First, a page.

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Fraud Prevention - Arm yourself with information

E-Mail and Internet Fraud take advantage of the Internet's unique ability to send e-mail messages worldwide in seconds or post Website information that is accessible from anywhere. E-mail and Internet fraudsters carry out their scams more invisibly than ever before, making identity theft from online scams one of the fastest growing crimes today. Credit Union Members should be especially vigilant to some of the more prevalent frauds at work in cyberspace:
Phishing
Phishing
Fraudulent e-mails, appearing to be from a trusted source such as your credit union or a government agency, direct you to a web site asking you to "verify" personal information.
Once scammers have your information, they have the tools to commit account fraud using your name

What You Can Do

  • If you receive an e-mail that tells you to confirm certain information, do not click on the email link. Instead, use a phone number or web site address you know to be legitimate
  • Before submitting any financial information through a web site, look for the "lock" icon on the browser status bar, or look for "https" in the web address
  • Report suspicious activity (see Resources )

Remember: Your credit union will never send you an e-mail asking you to verify personal information
Pharming
Phishing

Similar to phishing, pharming seeks to obtain personal information by secretly directing you to a copycat web site where your information is stolen, usually with a legitimate-looking form.

What You Can Do

  • Be wary of unsolicited or unexpected e-mails from all sources.
  • If an unsolicited e-mail arrives, treat it as you would a phishing source
Spyware
Phishing

Malicious software or "Spyware" is often included in spam e-mails or other downloaded "free" programs. Once installed, the software works in the background, tracking and recording your personal data to foward on to fraudsters.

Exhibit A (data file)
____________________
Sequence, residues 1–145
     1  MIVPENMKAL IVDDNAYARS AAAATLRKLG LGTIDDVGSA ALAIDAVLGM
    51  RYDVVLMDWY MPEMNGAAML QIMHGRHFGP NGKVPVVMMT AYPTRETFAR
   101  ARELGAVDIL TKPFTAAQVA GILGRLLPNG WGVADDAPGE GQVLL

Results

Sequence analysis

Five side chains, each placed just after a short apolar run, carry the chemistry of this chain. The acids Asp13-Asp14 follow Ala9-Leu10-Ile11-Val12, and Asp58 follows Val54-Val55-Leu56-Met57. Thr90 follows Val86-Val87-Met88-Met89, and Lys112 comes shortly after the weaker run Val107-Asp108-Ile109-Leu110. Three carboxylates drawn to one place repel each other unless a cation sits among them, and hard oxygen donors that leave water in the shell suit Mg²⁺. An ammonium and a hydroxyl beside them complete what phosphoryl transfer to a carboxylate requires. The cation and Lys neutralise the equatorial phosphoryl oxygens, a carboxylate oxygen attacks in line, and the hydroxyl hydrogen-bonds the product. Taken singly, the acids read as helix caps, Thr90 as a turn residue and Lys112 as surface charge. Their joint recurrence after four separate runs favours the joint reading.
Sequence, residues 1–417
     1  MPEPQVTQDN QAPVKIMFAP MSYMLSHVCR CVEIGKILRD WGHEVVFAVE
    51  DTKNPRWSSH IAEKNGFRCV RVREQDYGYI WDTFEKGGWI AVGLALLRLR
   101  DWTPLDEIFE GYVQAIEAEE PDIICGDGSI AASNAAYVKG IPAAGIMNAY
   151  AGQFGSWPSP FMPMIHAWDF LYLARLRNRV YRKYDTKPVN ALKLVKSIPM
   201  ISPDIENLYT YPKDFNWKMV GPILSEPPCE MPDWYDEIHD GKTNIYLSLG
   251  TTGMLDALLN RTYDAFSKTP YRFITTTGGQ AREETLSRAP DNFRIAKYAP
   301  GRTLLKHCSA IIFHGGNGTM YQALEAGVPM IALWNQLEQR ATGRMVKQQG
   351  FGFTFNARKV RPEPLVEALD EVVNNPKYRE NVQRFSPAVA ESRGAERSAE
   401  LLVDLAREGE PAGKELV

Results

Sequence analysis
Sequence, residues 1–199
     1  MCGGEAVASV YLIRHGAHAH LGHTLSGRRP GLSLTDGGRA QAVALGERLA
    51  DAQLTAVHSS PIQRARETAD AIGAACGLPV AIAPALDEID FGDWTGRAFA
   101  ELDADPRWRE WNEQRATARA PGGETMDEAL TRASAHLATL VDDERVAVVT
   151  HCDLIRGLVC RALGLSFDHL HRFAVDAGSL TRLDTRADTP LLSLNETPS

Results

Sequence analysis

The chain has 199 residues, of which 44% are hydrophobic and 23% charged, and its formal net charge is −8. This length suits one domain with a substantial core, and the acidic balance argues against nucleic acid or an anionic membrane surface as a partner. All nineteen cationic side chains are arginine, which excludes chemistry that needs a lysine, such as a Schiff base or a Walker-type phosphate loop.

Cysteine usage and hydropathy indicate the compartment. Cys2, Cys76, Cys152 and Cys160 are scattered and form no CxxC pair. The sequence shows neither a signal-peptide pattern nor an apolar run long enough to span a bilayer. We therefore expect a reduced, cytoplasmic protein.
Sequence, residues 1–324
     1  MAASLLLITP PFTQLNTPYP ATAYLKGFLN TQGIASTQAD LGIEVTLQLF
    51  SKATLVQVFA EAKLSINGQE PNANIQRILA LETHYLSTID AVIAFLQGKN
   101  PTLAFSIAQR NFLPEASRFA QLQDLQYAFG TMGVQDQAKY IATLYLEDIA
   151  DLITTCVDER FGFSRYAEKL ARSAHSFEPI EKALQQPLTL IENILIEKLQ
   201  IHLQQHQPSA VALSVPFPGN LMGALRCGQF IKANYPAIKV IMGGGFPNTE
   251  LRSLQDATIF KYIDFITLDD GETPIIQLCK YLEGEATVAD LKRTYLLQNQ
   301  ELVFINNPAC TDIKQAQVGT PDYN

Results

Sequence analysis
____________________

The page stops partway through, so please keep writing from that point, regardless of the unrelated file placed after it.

What You Can Do

Install and regularly update your:
  • Anti-virus software
  • Anti-Malware programs
  • Firewalls on your computer
  • Operating system patches and updates
General Tips against Cyber-Fraud
F1 Help

Information = Protection

  • Don't Judge by Initial Appearances. The availability of software that allows anyone to set up professional-looking websites means that criminals can make them look as impressive as those of legitimate businesses.
  • Be Careful Giving Personal Data Online. If you receive e-mails from someone you don't know asking for personal data - don't send the data without knowing who's asking.
  • Be wary of E-mails Concealing Their True Identity. If someone sends you an e-mail using a mail header that has no useful identifying data it could mean that the person is hiding something.
Fortify Your System
Here are some basic safety tips you can implement immediately:
  • Password - Experts advise using a complex password
  • Virus Protection - Your computer's anti-virus software needs to be up-to-date to guard against new versions
  • Firewalls - This protective wall between the outside world and your computer helps prevent unauthorized access. Check regularly with your software vendor to ensure you have the latest updates.
  • Spyware - Anti-Spyware programs are readily available online. Every computer connected to the Internet should have the software installed...and updated regularly.
Online Resources
F1 Help

Arm Yourself

There are a multitude of resources available to you online to learn and protect yourself and your system from fraud. Drop by your credit union to learn more about how we are making online transactions safe and secure!
Understanding

Multi-Factor Authentication

New ways to verify identities should make internet transactions safer than ever. The headlines today are filled with an ever increasing number of reports of identity theft and other online fraud. As a result, you might begin to experience some changes in how you identify yourself and gain access to your accounts over the internet. For example, you might need to utilize some form of multi-factor authentication.

Today's authentication methods involve one or more basic "factors":
  • Something the user knows (e.g., password, PIN)
  • Something the user has (e.g., ATM card, Smart card)
  • Something the user is (e.g., biometric characteristic such as a fingerprint)
Single Factor authentication uses one of these methods. Multi-Factor authentication uses more than one. When you log in with a password, you are using single factor; when you use your ATM you are using multi-factor: Factor one is something you know, your PIN.

     
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